1. Some natural numbers can be expressed as a difference of two squares, but others cannot. For example, 12=4^2 - 2^2, but it is impossible to write 10 as a difference of two squares. Find a way to determine whether or not a given natural number can be expressed as the difference of two perfect squares.
2. In rectangle ABCD, M is the midpoint of side AD and N is the midpoint of side DC. Segments AN and CM intersect at E
a) Prove that <AEM=<MBN
b)Determine how the angles in part a are related to the length: width ratio of the rectangle.
3. A sequence is defined by the equation below:
a) Prove that every term of the sequence is less than 3.
b) Prove that every term of the sequence is greater than the preceding term.
Any help you can give me on any/all of these questions would be great, thanks.
Now i'm one to always be off by some technicality, so use these answers as a general outline and fix it up to your liking.
Let the sequence be defined recursively as , for all integers
We show that for all integers
We proceed by induction.
Let P(n): " for all integers "
For P(1) we have , so P(1) is true.
Assume P(k) is true for some integer
Since P(k) is true, we have
So we have , which is P(k + 1)
Thus the induction proof is complete, and we have for all integers
Let be the sequence defined above. We show that for all integersb) Prove that every term of the sequence is greater than the preceding term.
We proceed by induction.
Let P(n): " for all integers "
We have for P(1): . So P(1) is true.
Assume P(k) is true for some integer
Then we have:
, which is P(k + 1)
Thus the induction proof is complete and we have for all integers
Hello, omgmath!
How about an inductive proof?3. A sequence is defined by: .
a) Prove that every term of the sequence is less than 3.
b) Prove that every term of the sequence is greater than the preceding term.
(a) for all
Verify . . . true
Assume is true: .
Multiply both sides by 2: .
Add 1 to both sides: .
Take the square root of both sides: .
The left side is:
The right side is:
Therefore: .
. . The inductive proof is complete.
Part (b) is proved in a similar manner.
[Edit: Jhevon beat me to it . . .]
This is a number theory question.
Say,
A possible factorization of is
And hence it is reasonable to search for solutions to:
The solution is given by .
Now the thing that we need is for to be integers. And that certainly happens if is an odd positive integer.
What happens if it is even? The possibilities is that has one of the four forms: . Note we covered the cases . Let us do . Then since it is divisible by 4 we can write:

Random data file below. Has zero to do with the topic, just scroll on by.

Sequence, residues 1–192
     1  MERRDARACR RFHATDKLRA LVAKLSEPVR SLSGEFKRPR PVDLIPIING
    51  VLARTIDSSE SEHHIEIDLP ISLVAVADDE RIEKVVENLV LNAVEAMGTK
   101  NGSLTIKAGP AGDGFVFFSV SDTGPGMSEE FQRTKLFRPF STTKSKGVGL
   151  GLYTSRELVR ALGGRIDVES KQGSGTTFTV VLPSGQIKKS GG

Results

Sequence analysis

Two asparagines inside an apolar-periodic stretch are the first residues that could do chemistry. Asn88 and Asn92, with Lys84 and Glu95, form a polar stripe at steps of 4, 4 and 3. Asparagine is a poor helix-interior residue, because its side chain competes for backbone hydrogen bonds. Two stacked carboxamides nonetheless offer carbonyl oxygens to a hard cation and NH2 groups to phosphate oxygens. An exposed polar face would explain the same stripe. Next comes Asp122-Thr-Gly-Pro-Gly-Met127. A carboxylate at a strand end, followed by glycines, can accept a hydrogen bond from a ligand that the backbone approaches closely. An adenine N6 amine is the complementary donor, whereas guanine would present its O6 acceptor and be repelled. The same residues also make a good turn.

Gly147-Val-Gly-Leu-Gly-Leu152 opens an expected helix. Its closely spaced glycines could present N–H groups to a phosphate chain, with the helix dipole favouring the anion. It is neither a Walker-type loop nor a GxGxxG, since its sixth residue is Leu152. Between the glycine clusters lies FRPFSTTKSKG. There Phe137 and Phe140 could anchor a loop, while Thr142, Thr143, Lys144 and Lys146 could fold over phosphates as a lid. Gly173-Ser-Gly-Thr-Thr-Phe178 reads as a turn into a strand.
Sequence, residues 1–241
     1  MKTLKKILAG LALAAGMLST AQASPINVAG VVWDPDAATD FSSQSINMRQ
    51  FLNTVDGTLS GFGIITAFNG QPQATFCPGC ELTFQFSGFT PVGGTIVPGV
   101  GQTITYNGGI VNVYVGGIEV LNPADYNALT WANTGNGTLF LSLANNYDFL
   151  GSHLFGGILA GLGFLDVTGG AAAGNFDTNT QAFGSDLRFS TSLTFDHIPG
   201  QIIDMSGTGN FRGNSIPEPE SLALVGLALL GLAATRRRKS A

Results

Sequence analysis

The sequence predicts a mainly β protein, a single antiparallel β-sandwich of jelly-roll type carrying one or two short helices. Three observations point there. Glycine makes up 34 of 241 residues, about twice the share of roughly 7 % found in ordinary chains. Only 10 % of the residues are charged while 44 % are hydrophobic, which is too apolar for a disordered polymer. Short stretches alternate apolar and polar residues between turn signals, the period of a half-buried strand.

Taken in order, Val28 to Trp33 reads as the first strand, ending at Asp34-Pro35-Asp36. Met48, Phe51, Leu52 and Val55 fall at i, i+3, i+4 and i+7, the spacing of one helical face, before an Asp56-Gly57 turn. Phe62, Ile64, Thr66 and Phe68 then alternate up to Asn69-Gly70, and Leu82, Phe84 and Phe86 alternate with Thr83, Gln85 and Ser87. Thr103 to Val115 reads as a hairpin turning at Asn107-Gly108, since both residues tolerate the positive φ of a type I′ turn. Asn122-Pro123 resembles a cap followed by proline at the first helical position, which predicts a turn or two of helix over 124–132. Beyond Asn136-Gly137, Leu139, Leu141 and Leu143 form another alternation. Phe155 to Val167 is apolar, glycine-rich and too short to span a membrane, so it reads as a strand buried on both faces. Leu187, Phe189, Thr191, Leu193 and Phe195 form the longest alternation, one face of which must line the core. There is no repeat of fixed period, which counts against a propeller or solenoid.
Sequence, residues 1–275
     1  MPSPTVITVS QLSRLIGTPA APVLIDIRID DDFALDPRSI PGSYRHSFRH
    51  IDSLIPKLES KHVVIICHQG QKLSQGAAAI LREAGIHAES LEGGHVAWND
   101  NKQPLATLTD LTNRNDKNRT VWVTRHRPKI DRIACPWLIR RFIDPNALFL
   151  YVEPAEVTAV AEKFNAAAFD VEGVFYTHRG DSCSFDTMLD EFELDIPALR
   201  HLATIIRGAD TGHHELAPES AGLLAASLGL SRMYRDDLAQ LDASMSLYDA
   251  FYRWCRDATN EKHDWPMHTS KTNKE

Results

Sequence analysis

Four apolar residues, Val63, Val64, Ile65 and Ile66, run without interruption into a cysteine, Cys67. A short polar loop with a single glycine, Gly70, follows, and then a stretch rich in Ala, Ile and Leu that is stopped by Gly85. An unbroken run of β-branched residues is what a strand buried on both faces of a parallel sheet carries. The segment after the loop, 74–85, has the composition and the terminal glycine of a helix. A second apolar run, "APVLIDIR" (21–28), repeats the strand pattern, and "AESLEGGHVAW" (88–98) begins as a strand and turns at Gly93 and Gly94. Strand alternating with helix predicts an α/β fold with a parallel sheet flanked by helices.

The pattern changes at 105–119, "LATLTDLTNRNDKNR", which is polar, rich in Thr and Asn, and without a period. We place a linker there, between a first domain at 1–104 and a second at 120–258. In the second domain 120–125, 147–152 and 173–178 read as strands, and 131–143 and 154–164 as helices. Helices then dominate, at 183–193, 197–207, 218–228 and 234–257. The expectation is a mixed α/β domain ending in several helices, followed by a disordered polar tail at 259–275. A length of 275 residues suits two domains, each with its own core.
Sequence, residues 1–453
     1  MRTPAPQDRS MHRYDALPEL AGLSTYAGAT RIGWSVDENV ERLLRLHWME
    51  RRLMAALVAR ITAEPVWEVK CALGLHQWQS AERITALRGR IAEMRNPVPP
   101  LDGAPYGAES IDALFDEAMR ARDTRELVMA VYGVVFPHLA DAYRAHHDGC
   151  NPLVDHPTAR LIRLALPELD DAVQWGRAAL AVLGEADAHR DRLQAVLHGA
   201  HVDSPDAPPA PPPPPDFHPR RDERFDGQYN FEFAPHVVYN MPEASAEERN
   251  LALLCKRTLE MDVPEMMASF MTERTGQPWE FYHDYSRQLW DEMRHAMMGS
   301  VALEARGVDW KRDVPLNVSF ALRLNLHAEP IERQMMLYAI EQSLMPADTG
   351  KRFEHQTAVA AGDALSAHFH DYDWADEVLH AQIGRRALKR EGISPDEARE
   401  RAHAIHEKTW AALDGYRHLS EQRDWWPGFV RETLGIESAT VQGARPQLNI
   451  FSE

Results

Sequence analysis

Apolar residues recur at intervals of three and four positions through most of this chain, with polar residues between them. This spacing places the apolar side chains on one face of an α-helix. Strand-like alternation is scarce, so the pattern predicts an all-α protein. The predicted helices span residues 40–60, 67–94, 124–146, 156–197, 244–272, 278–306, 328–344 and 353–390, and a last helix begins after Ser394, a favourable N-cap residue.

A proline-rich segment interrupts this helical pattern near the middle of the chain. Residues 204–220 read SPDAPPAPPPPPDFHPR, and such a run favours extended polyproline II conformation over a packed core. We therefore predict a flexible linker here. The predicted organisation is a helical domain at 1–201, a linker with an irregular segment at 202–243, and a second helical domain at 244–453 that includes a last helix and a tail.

And what happens if . Well, the is impossible because a square modulo 4 must be either 1 or 3. Hence . Not 2! Hence such a representation is impossible.
I have an ugly way of doing it, but I think it works.
Look at picture below. We want to show the blue angles are equal to eachother.
In coordinate geometry you perhaps learn the following theorem, let be two lines (non-vertical). And let has bigger angle measurement then with the x-axis. Then if is the angle between them we have:
where is the slope of and is the slope of .
Here is how we use it.
Let be the angle <AEM. And be the angle <MBN. We will show that and deduce .
Now we find and by using the theorem above.
Let me do and leave for you to do.
In the picture is formed by lines AN and CM with side CM creating a bigger angle than AN with x-axis (in this case x-axis is AD).
Thus,
.
To compute the slope we just find the ratio between the the height and width.
Thus,
This answers the second part of the question on how to compute the angle in terms of the sides.
Now do the same thing with .
And show they give the same value.
Suppose integer X can be written as the difference of two squares, then:
X = a^2-b^2 = (a-b)(a+b)
then if we suppose a>b>0, then X must have two non-zero factors u, v,
u!=v, where
u=a+b
v=a-b
adding these we see that u+v=2a, and subtracting these we see that
u-v=2b.
Now suppose we are given any non zero u and v, u>v, such that their sum is even (then their difference is even as well), we can write:
a=(u+v)/2
and:
b=(u-v)/2
then uv=(a+b)(a-b).
So we see that for any X to be written as the difference of two squares
it is necessary and sufficient that X have two distinct factors whoes sum
is even.
RonL
Hello, omgmath!
I have an even uglier solution for #2 . . .
Let2. In rectangle ABCD, M is the midpoint of side AD and N is the midpoint of side DC.
. . Segments AN and CM intersect at E
a) Prove that <AEM=<MBN
b) Determine how the angles in part a are related to the length: width ratio of the rectangle.
Let
Let
In
. . Hence: .
We have: .
. . we have: .
. . which simplifies to: . . [1]
Here's the uglier part . . .
In right triangle
In right triangle
In right triangle
. . which simplifies to: .
Since:
. . Then: .
And we have: . . [2]
Therefore, from [1] and [2]: .
~ ~ ~ ~ ~ ~ ~ ~ ~ ~ ~ ~ ~ ~ ~ ~ ~ ~ ~ ~ ~ ~ ~ ~ ~ ~ ~ ~ ~ ~
Let
We have: .
Therefore: .